Does a simple curtain constitute a violation of the freedom of the press? Prison policies in the state of Virginia regarding the concealment of the more gruesome steps and ultimate outcomes of death penalty executions are violations of the First Amendment; so argue four media organizations in a recent lawsuit.
“The lawsuit filed in U.S. District Court in Richmond alleges that the department is violating the First Amendment by using curtains that block witnesses from seeing “crucial steps” in carrying out a lethal injection or electrocution — the two execution methods allowed under state law.
“These limits on witnesses’s ability to view Virginia’s executions severely curtail the public’s ability to understand how those executions are administered, or to assess whether a particular execution violates either the Constitution or the state’s prescribed execution procedures, or is otherwise botched,” the news organizations state in the lawsuit.”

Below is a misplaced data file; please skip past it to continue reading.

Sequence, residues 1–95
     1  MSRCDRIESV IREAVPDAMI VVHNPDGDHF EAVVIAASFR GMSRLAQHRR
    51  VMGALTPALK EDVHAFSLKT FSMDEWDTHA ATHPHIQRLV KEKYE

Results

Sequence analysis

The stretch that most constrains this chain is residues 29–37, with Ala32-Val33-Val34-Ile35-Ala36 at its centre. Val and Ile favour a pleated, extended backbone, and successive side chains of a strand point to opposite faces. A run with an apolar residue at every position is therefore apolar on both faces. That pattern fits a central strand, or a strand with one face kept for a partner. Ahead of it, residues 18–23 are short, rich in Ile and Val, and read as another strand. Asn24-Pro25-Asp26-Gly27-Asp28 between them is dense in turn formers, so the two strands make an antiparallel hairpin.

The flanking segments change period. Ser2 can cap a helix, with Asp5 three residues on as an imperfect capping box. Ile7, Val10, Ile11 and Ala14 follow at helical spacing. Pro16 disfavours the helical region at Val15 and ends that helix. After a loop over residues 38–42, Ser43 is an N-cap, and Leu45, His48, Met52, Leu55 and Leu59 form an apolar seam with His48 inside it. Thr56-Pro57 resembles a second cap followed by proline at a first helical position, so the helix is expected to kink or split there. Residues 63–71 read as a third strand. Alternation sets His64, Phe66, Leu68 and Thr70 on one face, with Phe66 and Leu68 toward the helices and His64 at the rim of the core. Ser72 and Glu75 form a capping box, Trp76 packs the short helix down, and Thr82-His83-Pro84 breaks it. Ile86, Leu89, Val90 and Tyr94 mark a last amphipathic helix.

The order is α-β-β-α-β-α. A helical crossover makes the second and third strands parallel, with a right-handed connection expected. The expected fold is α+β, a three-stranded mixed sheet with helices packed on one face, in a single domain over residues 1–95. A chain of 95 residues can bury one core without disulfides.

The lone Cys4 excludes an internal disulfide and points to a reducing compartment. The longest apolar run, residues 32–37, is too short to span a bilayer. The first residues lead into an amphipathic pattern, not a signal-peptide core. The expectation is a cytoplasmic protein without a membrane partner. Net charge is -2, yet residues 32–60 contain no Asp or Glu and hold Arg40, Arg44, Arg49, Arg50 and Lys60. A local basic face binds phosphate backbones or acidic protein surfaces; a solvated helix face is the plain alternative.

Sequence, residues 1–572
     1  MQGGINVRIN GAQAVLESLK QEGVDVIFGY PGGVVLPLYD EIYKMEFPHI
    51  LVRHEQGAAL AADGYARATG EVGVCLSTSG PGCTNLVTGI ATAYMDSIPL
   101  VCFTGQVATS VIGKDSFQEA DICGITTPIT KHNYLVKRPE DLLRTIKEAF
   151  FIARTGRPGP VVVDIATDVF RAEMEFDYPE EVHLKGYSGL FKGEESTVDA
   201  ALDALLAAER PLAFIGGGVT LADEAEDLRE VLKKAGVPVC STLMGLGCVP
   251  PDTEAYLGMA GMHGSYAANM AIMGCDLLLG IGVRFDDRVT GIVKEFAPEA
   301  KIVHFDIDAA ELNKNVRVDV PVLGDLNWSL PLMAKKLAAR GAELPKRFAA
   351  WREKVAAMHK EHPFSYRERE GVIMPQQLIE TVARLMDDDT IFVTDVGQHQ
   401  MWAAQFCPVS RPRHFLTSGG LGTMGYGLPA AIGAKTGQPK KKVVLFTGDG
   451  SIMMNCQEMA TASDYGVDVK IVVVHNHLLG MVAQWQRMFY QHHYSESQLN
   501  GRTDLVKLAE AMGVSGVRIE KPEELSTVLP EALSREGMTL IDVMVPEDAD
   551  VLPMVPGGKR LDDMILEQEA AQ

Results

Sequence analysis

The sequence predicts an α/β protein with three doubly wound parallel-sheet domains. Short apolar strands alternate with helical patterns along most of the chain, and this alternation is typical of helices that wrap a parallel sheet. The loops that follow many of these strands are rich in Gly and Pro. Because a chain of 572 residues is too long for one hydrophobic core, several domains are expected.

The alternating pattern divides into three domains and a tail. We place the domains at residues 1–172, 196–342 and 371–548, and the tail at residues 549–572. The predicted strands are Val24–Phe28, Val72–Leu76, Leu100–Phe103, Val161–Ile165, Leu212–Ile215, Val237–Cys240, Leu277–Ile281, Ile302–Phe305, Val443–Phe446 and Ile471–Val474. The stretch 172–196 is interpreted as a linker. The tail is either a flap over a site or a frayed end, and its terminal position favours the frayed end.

The plaintiffs in the lawsuit in the Virginia Eastern District Court, case #3-19-cv-00692, are: The Associated Press; BH Media Group, owner of the Richmond Times-Dispatch; Gannett Co., Inc., owner of The News Leader of Staunton, Virginia; and Guardian News & Media LLC.
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